BATHURST Health Council has lost two of its leading voices with the resignation of both the chair and deputy chair.

Julie Ann Maher and Graham Webster led the organisation for the past 20 months but have both now stepped down.

The outspoken former chair Ms Maher, who yesterday described herself as a “plain speaker”, said she was not interested in political correctness.

“As such I feel I can do more for the people of Bathurst from outside Bathurst Health Council,” she said.

“I believe openness and transparency and consultation are the community’s right, and at times I have felt constraints have been placed on us in this regard.

“I also feel politics play too great a role in this entirely voluntary organisation which was specifically set up to represent the community and protect the interests of the people of this region.”

Ms Maher became acting chair of the Bathurst Health Council in February 2008 as the city was plunged into an unprecedented health crisis following the opening of the new trouble-plagued Bathurst Base Hospital.

In March of that same year she was unanimously elected health council chair and Mr Webster was elected deputy chair.

Mr Webster did not wish to comment on his resignation yesterday, but said he would continue to put his time into serving the community in more productive ways.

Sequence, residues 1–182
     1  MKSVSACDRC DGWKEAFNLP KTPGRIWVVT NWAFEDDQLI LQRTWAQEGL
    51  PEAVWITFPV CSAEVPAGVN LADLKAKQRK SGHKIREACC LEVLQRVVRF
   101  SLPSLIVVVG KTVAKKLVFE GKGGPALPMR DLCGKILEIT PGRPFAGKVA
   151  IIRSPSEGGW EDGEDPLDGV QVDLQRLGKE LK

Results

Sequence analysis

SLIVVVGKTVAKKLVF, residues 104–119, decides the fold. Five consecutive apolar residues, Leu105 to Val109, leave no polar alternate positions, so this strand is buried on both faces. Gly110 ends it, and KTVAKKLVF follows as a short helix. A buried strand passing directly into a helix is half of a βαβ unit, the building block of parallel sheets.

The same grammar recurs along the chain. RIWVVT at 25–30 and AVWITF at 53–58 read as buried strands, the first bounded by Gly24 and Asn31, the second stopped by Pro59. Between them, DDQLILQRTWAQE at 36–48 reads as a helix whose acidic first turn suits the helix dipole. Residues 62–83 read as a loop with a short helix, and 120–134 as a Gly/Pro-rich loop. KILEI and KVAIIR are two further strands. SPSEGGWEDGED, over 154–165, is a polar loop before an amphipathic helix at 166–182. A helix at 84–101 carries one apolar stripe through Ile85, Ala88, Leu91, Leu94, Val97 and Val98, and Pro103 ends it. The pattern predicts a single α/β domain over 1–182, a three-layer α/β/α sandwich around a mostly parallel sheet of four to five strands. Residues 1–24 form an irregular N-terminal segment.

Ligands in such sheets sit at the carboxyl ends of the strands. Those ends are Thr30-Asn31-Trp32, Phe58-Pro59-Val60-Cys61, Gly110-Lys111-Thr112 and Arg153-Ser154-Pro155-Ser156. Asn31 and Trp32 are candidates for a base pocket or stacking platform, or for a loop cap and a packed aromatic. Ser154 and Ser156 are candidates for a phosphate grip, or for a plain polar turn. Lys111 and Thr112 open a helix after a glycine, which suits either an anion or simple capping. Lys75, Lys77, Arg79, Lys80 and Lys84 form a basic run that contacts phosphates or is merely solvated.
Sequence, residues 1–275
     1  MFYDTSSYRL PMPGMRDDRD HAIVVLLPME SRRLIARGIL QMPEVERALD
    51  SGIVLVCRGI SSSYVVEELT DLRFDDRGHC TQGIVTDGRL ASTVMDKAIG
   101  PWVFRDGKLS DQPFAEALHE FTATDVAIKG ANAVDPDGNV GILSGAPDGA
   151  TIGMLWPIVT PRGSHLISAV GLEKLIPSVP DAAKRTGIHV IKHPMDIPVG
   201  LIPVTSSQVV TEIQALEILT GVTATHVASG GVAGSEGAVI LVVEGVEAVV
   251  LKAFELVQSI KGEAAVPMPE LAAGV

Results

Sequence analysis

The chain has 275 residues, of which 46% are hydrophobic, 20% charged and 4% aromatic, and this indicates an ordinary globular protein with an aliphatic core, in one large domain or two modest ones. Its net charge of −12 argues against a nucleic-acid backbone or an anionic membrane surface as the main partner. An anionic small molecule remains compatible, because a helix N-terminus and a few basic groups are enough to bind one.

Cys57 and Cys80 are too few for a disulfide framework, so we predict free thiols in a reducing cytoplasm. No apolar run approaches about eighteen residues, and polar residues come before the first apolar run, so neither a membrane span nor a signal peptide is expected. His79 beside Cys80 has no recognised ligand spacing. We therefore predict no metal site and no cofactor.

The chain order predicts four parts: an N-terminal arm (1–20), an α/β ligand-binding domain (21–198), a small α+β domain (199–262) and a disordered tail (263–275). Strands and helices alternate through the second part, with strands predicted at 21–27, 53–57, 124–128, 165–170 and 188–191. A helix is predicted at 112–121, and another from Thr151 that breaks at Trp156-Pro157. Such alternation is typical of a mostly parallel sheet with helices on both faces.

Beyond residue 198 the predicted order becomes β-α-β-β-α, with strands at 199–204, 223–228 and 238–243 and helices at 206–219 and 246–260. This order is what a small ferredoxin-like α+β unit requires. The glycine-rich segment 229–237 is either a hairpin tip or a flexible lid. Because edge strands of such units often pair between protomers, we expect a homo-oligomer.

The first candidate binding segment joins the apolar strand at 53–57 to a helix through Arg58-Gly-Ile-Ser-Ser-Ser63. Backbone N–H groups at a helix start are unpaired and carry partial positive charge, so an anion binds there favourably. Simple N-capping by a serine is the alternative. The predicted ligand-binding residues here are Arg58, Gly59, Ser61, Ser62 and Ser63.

But Ms Maher said her decision to leave the organisation was a difficult one.

“Unfortunately there is a history of people resigning from the health council because they feel thwarted,” Ms Maher said.

“Sometimes robust discussion can be misconstrued as criticism and I believe that has led to a failure to totally and fairly represent the community.

“There has also been a lot of hostility towards the media. To my mind freedom of the press is a vital democratic right.

“All forms of media have an important role to play in encouraging vigorous debate.”

She said she is proud of Bathurst Health Council’s record over the past five years in supporting hospital staff and community members, their support of the medical profession’s endeavours to make the city’s new hospital safe and functional, and for joining the community in keeping the pressure on the health service and government to ensure Bathurst got the hydrotherapy pool it deserves.

Other achievements include the signing of a memorandum of understanding for the protection of Daffodil Cottage, the introduction of a successful art program at the hospital, and the push to ensure the heritage building was part of the hospital as originally planned.

“I’ve enjoyed the role and I have enjoyed working with the community and all the staff at Bathurst Base Hospital but I have to be true to myself,” Ms Maher said.

“The community places a certain amount of trust in us to speak on their behalf and I want to be able to do that to the fullest extent. But I feel I am unable to do this from within the health council.”

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